your business partner. your friend. your family.

Every hand shake, every nod on the street and every interaction; may all lead to social capital.

Have you ever noticed someone consistently as you routinely traveled to your coffee shop for a nice cup of Latte and many months later happen to meet that same person a networking event? -And of course the obvious choice of topic will be the wonderful coffee served at that particular coffee shop. That in itself is social capital accumulation! Our basic interactions in our everyday lives tend to fuel future economic transactions. But how does family bonding fuel economic transactions?… Well, besides the obvious example of family businesses; when your family goes for family gatherings or dinners at a restaurant that a family friend had recommended, that in it self is a great example of how the effect spirals and fuels economic transaction, as one may argue that one who has no family would not normally go out for a family dinner.

Even flash mobs provides participants social capital, with the amount of networks created and when it is usually done for a common cause. The actions of groups are and always be more powerful that those acting as an individuals. It is simple and logically. But let us consider economic development. It is possible to create economic development from social capital? Can economic transactions take place without the fundamentals of institutions? Fundamentally, economic transactions are based on ‘trust’, thus can it be argued that transactions can occur through the channel of social capital?
Kumar & Matsusake (2009) released a paper; From family to formal contracts: An approach to development. The paper describes how there are means for social capital to be a substitute for market mechanisms, or at least institutions that assist with enforceability of contracts and property rights. It may not be apparent to us, but there are 2 types of capital, Social/Local capital and Market capital. The former requires that economic agents use their kin-ship and networks as means to enforce contracts, whilst the latter uses market institutions to do the same. But which is better? -Well, the paper illustrates that Local Capital (LC) precedes Market Capital (MC) only up to the certain level of economic output incentives.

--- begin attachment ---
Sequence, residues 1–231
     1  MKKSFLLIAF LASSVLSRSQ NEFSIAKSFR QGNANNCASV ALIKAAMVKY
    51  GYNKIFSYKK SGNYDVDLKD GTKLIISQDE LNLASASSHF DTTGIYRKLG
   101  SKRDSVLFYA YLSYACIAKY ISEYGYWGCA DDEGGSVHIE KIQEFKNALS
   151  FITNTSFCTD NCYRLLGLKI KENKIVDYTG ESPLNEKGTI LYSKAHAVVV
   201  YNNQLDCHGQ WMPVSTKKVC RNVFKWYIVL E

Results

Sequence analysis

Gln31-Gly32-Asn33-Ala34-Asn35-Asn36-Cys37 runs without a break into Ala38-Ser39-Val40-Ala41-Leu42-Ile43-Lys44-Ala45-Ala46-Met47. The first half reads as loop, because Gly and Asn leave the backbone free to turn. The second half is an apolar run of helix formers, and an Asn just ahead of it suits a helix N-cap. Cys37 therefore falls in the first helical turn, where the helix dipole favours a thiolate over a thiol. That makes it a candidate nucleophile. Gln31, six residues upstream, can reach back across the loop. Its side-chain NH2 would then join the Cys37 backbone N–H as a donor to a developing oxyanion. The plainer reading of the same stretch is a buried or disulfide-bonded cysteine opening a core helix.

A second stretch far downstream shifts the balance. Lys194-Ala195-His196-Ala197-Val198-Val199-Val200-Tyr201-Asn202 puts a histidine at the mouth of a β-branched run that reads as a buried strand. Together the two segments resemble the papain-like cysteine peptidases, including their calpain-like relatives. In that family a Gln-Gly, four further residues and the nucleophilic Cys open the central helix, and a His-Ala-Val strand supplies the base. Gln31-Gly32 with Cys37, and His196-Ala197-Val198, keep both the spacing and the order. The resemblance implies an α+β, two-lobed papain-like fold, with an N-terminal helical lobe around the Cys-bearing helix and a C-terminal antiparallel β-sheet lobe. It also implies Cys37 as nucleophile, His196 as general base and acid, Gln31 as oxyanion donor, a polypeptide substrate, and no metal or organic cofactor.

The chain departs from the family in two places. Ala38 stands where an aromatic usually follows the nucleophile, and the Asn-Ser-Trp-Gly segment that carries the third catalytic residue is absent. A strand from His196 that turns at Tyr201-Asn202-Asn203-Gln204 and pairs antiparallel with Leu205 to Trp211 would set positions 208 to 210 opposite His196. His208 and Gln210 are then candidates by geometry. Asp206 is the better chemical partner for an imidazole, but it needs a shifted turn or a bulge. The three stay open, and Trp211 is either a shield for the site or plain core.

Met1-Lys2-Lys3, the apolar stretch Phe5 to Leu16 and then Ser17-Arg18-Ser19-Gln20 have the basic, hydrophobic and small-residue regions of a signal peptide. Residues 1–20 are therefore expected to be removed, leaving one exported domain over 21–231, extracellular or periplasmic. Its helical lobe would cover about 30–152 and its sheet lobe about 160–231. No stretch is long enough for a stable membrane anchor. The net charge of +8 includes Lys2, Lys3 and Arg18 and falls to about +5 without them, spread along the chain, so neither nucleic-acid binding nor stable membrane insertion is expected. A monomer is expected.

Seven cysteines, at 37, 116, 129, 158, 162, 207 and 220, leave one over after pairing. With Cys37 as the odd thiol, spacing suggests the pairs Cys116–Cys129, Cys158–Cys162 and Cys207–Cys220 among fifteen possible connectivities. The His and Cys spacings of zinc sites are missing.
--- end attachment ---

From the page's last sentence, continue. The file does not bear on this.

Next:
So to what extent should a community invest in LC vs MC? The paper shows that LC provides societies with a sound framework for economic transactions to occur in the pre-industrialization phase; whilst any point beyond that would not be as successful. Thereafter, MC will be required to sustain economic growth. This was illustrated in a graph in the previous post.

Imagine a situation where there are no proper authorities to help you exercise a contract that has gone wrong. What would be the next step of action? Well, one might call upon their communities to ensure that the agent accepts their liabilities. However, the one must ensure that they have sufficient levels of LC to call upon the ‘village elders’ and its people for this cause. Thus, an agent with high levels of MC cannot do such a thing given this circumstance. Now, let us think about the same circumstance where there are proper third party institutions to enforce the contractual agreements. Would one go to the ‘village elders’ (Local council members) for a failed contract? or approach exercise lawful regulations that everyone in that society must adhere to? -You can do the math.

Depending where you live and the circumstance of your community institutions, which would you use? LC or MC?
The paper illustrates the distinct differences between the 2. However, we cannot deny that LC also exists when MC platforms are established. For example, 2 agents applying for the same job with the same qualifications will be deeply varied in advantage if one of the agents’ was acquainted with an executive member from the company to which they are applying to.

Perhaps its time to start setting KPIs (Key performance Indicators) for your Social Capital…

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